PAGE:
Wisconsin budget committee approves changes to release of sexually violent offenders

By Jessie Opoien, The Capital Times

Violent sex offenders being released back into the community could no longer be sent to another county under a provision added to the state budget by the Legislature's Joint Finance Committee on Tuesday. 

Counties would have more flexibility to determine where an offender would be placed under the motion, authored by Reps. Mark Born, R-Beaver Dam, and Katrina Shankland, D-Stevens Point. The motion is based on legislation drafted by Sen. Patrick Testin, R-Stevens Point. 

The other Democrats on the Republican-led committee objected to the proposal's inclusion in the budget, arguing it was a policy change that should go through the legislative hearing process. Shankland joined Republicans in voting 13-3 to approve the measure.

Under the motion, judges overseeing a sexually violent offender's release would be required to order the offender's county of residence to prepare a report identifying an appropriate residence for the offender and providing evidence that a landlord has committed to a lease.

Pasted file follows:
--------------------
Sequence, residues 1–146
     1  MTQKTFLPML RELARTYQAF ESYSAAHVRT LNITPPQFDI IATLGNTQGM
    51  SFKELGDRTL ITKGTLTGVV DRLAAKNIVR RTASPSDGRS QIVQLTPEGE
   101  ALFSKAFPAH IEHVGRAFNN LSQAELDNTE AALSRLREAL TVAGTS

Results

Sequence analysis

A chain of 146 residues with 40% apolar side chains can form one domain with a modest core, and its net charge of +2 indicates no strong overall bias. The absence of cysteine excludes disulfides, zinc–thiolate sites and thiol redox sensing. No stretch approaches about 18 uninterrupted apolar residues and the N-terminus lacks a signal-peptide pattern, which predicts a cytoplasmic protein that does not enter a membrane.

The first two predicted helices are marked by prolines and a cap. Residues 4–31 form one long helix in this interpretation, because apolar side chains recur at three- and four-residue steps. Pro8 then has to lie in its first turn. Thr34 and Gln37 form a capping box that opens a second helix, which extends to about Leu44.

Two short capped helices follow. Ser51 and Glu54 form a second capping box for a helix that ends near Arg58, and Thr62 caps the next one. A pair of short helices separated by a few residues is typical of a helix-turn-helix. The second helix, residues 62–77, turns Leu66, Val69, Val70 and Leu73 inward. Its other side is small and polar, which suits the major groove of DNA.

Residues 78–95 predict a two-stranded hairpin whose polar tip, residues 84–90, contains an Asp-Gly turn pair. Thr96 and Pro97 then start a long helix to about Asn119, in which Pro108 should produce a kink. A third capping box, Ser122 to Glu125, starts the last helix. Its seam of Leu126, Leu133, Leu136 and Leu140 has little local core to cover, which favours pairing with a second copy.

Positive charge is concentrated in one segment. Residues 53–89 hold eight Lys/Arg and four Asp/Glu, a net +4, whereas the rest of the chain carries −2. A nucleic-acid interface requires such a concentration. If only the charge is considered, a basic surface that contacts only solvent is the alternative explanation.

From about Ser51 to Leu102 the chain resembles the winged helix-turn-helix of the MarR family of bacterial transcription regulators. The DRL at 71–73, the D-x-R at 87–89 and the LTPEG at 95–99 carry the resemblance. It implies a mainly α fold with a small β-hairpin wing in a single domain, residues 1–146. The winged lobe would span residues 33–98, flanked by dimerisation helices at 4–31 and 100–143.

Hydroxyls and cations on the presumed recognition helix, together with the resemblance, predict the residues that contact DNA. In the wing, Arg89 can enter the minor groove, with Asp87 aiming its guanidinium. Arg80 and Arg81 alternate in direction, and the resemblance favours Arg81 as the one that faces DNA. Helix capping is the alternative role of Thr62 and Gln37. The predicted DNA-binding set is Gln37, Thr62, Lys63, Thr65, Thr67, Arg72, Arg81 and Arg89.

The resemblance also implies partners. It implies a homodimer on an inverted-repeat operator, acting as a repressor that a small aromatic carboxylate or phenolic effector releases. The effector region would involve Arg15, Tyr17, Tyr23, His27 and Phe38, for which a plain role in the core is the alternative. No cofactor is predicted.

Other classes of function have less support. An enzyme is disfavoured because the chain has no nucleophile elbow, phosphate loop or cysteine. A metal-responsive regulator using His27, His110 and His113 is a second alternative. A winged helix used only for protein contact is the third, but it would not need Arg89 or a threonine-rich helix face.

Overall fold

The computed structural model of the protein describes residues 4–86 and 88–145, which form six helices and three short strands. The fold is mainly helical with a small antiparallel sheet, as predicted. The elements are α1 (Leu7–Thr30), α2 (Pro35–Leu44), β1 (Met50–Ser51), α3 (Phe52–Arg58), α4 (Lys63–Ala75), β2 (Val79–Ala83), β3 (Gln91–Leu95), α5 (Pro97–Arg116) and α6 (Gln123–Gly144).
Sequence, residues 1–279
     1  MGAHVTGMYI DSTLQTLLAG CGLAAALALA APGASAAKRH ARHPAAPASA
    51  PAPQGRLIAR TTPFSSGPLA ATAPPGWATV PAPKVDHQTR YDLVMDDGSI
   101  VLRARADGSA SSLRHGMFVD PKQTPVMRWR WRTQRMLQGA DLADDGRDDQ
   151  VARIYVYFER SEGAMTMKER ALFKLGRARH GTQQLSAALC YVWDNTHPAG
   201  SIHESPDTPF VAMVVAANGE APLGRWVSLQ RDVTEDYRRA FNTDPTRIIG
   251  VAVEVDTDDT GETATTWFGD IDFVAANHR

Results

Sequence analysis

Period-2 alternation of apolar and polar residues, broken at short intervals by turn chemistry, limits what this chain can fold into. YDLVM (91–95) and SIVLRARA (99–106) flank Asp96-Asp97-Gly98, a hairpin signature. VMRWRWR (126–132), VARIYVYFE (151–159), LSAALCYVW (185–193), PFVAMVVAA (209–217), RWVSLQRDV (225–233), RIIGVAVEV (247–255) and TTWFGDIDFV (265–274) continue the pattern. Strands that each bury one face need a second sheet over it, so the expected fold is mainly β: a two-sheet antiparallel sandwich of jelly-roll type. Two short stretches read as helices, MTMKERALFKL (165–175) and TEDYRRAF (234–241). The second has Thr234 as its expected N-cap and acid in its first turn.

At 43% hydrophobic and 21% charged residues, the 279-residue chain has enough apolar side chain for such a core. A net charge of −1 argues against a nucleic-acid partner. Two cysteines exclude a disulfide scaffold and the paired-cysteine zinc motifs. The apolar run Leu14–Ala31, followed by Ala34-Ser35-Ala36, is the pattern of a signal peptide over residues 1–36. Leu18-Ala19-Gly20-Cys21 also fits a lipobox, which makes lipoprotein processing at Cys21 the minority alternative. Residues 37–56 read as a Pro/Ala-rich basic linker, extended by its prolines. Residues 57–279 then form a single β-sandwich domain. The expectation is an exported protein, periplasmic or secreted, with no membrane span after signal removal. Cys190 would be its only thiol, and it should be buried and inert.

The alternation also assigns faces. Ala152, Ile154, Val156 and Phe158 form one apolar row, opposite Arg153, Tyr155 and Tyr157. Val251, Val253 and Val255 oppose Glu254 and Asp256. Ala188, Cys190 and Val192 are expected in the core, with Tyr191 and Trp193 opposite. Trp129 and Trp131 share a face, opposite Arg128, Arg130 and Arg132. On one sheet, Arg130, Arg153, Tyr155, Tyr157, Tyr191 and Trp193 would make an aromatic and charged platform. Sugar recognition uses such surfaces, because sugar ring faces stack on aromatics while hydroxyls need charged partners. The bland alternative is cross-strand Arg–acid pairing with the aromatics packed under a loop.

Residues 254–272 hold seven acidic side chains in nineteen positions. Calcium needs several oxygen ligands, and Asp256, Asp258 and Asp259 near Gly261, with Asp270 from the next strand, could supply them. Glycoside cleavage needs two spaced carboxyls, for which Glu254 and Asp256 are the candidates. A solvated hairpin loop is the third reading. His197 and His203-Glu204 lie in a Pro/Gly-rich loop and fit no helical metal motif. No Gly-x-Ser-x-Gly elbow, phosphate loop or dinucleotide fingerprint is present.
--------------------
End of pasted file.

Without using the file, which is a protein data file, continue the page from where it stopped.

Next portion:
The report would be prepared by a committee with representatives from the county human services department, the state Department of Health Services and the county department overseeing land conservation, along with a local probation or parole officer and the county's attorney. The committee would also consult with local law enforcement.
In determining an appropriate residence, the committee would consider factors including proximity to schools, child care facilities, public parks, places of worship and youth centers and, in some cases, proximity to nursing homes, assisted living facilities and properties where children live.

The provision would eliminate current law that mandates placement be more than 1,500 feet from those locations. 

Sen. Jon Erpenbach, D-Middleton, said the proposal put some members of the committee in a "really bad spot," having to vote on it without constituent feedback. 

Committee co-chairman Rep. John Nygren, R-Marinette, said he has heard from constituents in his district looking for more local input into where offenders are placed. Nygren said he asked Born to work on the proposal after legislators including Born and Shankland had introduced earlier bills addressing the issue. 

The measure isn't perfect, Nygren said, but it takes a step to address a challenging issue.

"This motion is bringing the voice closer to the people that are affected," he said.

The measure comes after years of debate over best practices for placing sex offenders back in the community. Current law says a sexually violent offender must be placed in his or her county of residence unless the court has "good cause" to select another county.